Strong ASEAN-Japan ties important to global stability
“Over the last three decades, ASEAN-Japan cooperation has been driven primarily by economic cooperation. It now should go beyond that to become more comprehensive,” Rizal Sukma, the executive director of the Centre for Strategic and International Studies (CSIS), told a seminar on Tuesday.
According to Rizal, ASEAN’s unity was strategic in the context of ASEAN-Japan cooperation as well as for the international community. “ASEAN’s unity is needed to sustain its centrality in the common effort to maintain rule-based order in the region,” he said.
Some areas should be given priority, both by ASEAN and the Japanese government in the next 15 years, such as democracy and human rights; maritime security; defense; and peacekeeping.
Yoshihide Soeya of Japan’s Keio University, another presenter at the seminar, shared Rizal’s view. “From Japan’s point of view, ASEAN’s solidarity has been increasingly important. Previously, Japan was an outsider to Southeast Asia but today we are an insider. Japan is economically part of [the region] although politically not quite yet,” he said.
Carolina Hernandez of the University of the Philippines and Institute for Strategic and Development Studies (ISDS), Philippines, said that security and stability in the ASEAN-Japan context must not be understood only in terms of defense and military.
“The way ASEAN and Japan understand the meaning of security should be more comprehensive, such as through political forums, diplomatic and cultural events, as well as environmental cooperation,” she said.
Yoshihide shunned questions from seminar participants about whether Japan’s intention in bolstering relations with ASEAN also included geo-political goals such as countering central powers of China and the US.
Japan and China have a long and complicated relationship history. In recent times, the two countries have been involved in a series of tensions related to the maritime dispute in the East China Sea.
Many have seen that good cooperation with ASEAN is very strategic for Japan, not only because of the two’s geographical location, which puts China in between, but also because some ASEAN member states have territorial disputes with China in the South China Sea.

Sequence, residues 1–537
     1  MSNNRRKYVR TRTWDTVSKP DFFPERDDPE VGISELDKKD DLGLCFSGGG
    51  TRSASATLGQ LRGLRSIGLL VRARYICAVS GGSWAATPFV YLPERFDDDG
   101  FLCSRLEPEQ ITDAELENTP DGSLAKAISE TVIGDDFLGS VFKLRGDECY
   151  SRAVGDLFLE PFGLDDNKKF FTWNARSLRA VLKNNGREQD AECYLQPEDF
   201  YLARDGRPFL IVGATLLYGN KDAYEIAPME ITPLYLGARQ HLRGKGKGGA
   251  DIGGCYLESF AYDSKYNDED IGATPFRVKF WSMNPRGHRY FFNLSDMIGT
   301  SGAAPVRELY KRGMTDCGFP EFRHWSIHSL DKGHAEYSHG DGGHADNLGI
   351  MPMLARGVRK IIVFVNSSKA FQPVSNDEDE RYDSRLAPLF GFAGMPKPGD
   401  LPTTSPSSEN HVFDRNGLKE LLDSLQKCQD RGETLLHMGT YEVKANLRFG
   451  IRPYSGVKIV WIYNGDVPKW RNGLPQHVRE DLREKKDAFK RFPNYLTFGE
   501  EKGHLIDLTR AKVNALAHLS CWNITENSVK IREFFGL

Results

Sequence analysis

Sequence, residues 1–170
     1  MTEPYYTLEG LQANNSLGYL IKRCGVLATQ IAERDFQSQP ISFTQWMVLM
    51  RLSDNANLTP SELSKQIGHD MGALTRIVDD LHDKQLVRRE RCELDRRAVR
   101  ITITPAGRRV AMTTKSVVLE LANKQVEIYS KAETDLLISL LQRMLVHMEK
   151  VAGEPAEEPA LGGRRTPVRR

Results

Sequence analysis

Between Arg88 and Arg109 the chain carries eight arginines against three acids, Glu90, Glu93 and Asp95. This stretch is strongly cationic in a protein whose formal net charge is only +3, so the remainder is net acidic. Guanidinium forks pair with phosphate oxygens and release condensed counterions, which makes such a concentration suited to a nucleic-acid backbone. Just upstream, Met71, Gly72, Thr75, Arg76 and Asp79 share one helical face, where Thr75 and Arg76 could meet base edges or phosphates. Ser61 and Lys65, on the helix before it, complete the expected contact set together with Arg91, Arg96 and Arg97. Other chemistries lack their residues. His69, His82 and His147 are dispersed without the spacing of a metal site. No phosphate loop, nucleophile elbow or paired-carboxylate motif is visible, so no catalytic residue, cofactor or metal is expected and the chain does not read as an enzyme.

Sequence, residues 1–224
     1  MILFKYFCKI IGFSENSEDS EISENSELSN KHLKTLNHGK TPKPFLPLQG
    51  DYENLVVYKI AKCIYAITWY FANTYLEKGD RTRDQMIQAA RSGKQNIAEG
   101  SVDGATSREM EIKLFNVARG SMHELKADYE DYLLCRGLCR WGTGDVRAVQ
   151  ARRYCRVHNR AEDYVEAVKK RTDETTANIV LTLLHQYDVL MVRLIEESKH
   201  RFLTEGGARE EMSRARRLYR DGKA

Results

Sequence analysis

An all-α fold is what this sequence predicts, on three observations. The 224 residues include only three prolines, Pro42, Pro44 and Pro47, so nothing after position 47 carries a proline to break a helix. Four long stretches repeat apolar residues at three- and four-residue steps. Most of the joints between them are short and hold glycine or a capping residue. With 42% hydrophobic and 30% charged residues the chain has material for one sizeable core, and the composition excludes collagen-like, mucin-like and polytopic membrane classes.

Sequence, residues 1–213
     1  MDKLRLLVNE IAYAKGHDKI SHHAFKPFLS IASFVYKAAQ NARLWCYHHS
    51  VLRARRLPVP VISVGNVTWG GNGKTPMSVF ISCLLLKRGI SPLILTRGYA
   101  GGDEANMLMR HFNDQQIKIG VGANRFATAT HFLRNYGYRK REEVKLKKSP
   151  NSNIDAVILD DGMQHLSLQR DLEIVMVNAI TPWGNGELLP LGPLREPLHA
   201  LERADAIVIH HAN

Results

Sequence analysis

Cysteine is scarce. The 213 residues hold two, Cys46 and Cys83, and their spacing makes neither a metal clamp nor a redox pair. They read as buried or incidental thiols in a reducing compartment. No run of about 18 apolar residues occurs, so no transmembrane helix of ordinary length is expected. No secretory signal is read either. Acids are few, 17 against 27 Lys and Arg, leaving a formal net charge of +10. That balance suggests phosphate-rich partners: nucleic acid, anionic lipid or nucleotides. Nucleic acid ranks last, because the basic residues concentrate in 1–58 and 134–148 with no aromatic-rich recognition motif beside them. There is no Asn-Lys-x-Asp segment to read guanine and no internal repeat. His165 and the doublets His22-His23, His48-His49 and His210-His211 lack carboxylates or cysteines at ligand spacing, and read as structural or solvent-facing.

“We are not doing [ASEAN-Japan partnership] because of China or the US. We are doing this for ourselves, to strengthen our region,” Yoshihide said.
The seminar on ASEAN-Japan Strategic Partnership in Southeast Asia and Regional Community Building was organized by the CSIS and the Japan Center for International Exchange (JCIE), supported by the Japan-ASEAN Integration Fund (JAIF).
The seminar was part of the CSIS-JCIE’s two-year project, launched in 2012 and aimed at studying the role and contributions of ASEAN-Japan Partnership in promoting regional community-building in Southeast Asia and East Asia as well as in contributing to global governance. The goal of the project is to encourage efforts to achieve greater ASEAN integration with an eye toward 2015, as well as to identify a vision for the ASEAN-Japan relationship from 2015 to 2030.
The project, which has also been supported by the Foreign Ministry’s directorate general for ASEAN Cooperation, is supervised by Jusuf Wanandi, one of CSIS’ co-founders who is now also the vice chairman of the organization’s board of trustees; and Hitoshi Tanaka, the chairman for international strategy at the Japan Research Institute.
“ASEAN is fundamental to the stability and peace in the context of East Asia and the world,” said Rizal, who was also one of the project’s coordinators.
The Jakarta Post